• Microservices: These provide the loosely coupled application architecture, which enables deployment in highly distributed patterns.
  • Cloud-native platforms with containers and serverless deployments: These provide the application platform and tools to deliver the promise of the microservices architectures.

Processing Continuous Streaming Events

One of the essential elements of modern event-driven solutions is the ability to process continuous event streams to derive real-time insights and intelligence.

What’s needed is streaming analytics. Streaming analytics provides the capabilities to investigate and understand the events flowing through unbounded real-time event streams. Streaming applications process the event flow and allow data and analytical functions to be applied to information in the stream. Streaming applications are written as multistep flows across the following capabilities:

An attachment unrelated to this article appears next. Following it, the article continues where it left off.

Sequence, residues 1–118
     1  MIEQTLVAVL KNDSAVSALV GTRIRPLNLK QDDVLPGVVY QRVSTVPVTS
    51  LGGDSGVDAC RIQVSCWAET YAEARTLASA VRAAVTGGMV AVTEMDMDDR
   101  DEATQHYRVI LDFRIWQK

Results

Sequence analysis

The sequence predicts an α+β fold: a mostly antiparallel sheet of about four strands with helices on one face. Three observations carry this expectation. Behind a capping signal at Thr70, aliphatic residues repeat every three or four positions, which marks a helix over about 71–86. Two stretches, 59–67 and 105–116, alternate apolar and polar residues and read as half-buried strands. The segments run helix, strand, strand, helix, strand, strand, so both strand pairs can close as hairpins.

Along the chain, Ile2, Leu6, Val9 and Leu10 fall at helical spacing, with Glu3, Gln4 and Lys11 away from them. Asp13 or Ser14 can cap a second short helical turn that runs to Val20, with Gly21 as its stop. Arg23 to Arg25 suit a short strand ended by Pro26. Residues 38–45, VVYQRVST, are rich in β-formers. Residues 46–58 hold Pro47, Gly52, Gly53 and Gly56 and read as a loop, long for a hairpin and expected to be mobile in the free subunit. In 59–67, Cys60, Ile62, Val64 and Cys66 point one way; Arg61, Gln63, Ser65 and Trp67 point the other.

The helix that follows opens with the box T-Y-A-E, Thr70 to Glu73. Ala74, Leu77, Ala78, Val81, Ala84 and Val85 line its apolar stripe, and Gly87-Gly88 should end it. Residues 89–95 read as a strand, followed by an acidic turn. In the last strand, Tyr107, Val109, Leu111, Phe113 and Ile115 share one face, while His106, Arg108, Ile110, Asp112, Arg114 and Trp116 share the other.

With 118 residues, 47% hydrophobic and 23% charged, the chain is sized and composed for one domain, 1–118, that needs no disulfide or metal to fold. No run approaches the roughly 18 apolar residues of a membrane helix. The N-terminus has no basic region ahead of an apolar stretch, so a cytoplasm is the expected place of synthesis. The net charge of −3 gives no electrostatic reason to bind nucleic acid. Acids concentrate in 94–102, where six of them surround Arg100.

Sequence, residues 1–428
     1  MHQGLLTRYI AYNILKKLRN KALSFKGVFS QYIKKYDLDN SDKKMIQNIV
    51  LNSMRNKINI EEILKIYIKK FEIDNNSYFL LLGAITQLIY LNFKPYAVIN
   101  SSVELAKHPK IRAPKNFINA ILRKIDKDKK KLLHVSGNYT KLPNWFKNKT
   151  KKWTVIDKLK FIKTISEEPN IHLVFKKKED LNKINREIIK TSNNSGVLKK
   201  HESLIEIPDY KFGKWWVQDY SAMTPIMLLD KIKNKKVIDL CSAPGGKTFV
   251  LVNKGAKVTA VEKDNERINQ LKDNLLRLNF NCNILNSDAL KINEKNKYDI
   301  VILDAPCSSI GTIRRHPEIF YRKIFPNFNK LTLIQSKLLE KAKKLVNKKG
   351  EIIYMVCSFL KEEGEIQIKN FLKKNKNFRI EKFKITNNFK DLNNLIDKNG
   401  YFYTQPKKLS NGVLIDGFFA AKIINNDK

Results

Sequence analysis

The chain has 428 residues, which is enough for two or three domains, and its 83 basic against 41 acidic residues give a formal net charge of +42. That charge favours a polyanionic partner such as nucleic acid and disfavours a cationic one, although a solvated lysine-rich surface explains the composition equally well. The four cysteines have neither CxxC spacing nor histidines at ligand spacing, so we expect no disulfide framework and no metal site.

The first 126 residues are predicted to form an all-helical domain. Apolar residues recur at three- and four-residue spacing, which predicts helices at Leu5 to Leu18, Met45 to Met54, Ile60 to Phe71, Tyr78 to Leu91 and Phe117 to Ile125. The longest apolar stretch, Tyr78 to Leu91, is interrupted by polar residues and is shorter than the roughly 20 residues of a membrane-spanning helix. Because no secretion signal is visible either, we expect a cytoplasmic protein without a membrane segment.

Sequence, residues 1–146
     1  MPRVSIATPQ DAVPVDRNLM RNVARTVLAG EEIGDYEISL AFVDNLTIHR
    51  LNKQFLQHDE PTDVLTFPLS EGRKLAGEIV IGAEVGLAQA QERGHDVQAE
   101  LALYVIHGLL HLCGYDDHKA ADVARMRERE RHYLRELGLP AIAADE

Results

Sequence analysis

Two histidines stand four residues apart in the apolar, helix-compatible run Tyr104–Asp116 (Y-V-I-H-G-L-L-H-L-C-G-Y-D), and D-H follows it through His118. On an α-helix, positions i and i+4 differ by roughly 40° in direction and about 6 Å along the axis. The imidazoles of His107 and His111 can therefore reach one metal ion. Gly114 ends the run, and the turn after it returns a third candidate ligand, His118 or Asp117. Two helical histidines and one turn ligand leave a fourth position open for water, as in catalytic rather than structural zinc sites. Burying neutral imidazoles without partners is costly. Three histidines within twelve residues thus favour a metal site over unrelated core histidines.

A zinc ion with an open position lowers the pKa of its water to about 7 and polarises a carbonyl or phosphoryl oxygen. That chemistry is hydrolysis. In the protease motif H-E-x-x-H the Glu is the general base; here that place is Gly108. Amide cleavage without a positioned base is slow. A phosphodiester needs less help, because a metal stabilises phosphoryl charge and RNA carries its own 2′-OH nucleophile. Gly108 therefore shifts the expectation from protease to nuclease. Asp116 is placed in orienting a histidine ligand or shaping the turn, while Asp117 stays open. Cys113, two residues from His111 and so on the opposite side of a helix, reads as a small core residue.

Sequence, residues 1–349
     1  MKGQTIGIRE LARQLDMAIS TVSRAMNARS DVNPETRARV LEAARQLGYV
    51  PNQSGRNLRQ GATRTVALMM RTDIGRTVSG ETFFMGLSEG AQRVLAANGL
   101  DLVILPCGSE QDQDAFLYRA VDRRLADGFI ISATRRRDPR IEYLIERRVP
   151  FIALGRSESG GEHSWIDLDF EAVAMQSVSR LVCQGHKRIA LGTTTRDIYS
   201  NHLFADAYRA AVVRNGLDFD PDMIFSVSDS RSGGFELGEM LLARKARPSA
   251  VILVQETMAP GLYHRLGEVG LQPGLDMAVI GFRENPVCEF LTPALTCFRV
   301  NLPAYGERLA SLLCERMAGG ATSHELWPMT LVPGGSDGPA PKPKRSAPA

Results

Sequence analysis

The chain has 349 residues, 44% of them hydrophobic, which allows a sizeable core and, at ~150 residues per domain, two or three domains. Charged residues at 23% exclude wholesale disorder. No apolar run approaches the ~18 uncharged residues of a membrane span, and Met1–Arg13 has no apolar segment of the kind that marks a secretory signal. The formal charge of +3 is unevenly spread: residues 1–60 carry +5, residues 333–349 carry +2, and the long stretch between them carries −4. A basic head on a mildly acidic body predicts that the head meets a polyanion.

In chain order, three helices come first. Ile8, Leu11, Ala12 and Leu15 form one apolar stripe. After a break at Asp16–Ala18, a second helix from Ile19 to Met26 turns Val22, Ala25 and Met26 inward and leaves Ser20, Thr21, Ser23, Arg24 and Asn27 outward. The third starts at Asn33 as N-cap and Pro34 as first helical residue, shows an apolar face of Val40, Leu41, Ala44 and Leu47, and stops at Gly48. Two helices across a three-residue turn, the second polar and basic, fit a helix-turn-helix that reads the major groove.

• Ingest many sources of events.
  • Prepare data by transforming, filtering, correlating, aggregating on some metrics, and leveraging other data sources for data enrichment.
  • Detect and predict event patterns using scoring and classification.
  • Decide by applying business rules and business logic.
  • Act by directly executing an action, or in event-driven systems publishing an event notification or command.


An event-driven architecture focuses on the generation and handling of event notifications. An event-driven architecture is much faster, adapting to changes. This paradigm makes it possible to create real-time responsive architectures needed in business today.

Salvatore Salamone

About Salvatore Salamone

Salvatore Salamone is a physicist by training who has been writing about science and information technology for more than 30 years. During that time, he has been a senior or executive editor at many industry-leading publications including High Technology, Network World, Byte Magazine, Data Communications, LAN Times, InternetWeek, Bio-IT World, and Lightwave, The Journal of Fiber Optics. He also is the author of three business technology books.